2.1 Compliance: All polygraph examinationsshould be conducted in compliance
with applicable law, and APA Standards of Practice regarding
instrumentation, sensors, audio/video recording, testing format, use of an
acquaintance test, analysis and reporting.
2.1.1 Informed consent should include an explanation to the examinee
that they are not required to submit to the examination and that
the examination can be terminated at any time, and should be
obtained independently and without the presence of any referring
2.1.2 Examiners should maintain all case materials, including referral
information, interview notes, test data, analysis, results, examination
report and audio/video recordings in a manner that is consistent with
applicable law and APA Standards of practice.
2.2 Professional roles: Polygraph examiners should limit their role to the
investigation of credibility and should refrain from all other attempts to
intervene or assist with the resolution of differences or conflicts between
persons in domestic context. Examiners should remain aware that the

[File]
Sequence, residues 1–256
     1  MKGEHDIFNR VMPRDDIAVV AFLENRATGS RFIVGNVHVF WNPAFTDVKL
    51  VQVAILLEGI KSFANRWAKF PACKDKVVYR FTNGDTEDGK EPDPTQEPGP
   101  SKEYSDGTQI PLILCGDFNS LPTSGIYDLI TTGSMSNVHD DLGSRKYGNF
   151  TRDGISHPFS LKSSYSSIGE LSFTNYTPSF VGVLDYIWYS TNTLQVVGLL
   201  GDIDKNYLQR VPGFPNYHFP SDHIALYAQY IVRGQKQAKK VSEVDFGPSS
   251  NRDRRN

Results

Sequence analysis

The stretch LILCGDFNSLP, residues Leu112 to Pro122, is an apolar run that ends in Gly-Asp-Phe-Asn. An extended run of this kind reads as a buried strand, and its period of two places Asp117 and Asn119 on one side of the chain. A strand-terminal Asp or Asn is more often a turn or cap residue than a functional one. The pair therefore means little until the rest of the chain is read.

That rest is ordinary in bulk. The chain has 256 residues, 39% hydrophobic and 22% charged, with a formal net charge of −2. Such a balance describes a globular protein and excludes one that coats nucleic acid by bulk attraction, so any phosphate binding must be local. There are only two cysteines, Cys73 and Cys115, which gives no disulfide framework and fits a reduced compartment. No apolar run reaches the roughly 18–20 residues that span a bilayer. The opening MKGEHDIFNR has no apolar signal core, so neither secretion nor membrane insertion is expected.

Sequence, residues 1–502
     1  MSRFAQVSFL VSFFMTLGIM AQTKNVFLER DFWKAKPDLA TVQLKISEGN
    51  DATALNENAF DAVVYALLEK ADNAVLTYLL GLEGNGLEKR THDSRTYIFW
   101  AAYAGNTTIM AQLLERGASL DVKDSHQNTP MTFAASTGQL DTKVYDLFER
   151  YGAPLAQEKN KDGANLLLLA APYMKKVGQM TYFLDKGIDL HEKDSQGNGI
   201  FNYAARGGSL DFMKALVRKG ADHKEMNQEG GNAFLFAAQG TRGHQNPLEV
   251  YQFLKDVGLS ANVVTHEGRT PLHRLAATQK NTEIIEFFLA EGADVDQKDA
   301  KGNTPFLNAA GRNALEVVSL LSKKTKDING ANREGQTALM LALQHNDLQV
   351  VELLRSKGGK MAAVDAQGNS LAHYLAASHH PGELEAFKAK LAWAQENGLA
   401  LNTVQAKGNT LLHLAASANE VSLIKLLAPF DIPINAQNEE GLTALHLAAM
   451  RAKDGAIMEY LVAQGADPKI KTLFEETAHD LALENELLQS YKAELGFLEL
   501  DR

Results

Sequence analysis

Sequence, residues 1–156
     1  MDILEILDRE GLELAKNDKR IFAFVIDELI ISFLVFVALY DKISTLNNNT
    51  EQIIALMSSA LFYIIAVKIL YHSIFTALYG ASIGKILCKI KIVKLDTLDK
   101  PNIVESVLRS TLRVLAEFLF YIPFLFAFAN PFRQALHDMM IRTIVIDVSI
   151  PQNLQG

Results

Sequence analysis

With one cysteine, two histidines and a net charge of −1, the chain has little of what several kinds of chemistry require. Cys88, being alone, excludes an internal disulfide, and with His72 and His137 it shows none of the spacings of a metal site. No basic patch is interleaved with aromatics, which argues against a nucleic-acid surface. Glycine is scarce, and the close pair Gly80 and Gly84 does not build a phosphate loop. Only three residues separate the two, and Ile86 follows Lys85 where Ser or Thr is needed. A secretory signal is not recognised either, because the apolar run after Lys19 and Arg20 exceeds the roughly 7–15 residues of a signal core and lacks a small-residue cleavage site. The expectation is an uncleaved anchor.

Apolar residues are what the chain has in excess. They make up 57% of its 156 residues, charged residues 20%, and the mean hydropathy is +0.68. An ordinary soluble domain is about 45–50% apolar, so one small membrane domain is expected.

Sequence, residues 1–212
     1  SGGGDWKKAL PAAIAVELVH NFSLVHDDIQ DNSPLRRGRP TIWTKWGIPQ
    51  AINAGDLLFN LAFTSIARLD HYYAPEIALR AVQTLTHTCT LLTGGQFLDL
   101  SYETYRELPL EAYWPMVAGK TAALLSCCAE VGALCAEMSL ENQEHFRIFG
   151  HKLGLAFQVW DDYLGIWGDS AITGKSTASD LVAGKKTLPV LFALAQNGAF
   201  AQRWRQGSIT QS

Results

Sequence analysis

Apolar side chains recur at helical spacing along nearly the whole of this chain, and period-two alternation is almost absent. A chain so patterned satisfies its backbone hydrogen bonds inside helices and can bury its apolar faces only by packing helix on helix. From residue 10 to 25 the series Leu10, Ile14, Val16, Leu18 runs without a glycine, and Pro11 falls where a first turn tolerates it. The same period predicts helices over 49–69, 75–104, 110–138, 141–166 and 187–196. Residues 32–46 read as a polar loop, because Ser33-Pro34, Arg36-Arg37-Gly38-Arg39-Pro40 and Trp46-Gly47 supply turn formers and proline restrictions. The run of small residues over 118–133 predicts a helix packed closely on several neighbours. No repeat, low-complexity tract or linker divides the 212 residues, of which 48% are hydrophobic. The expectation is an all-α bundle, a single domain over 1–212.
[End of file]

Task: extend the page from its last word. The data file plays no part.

professional provision of advice or counseling to assist with domestic
relationship problems is a regulated professional activity in most jurisdictions,
and can involve potential volatility forsome types of relationship distress.
2.2.1 Examiners should limit their involvement with each examinee to a
single professional relationship, and should avoid engaging in a
dual relationship with the examinee or referring person.
2.3 Referral: Examiners should clearly document the referral source, whether
professional or self-referral. Examinations should be regarded as self-referred
when the test is not initiated at the request of another professional who is
assisting with the domestic problem, including when the examination is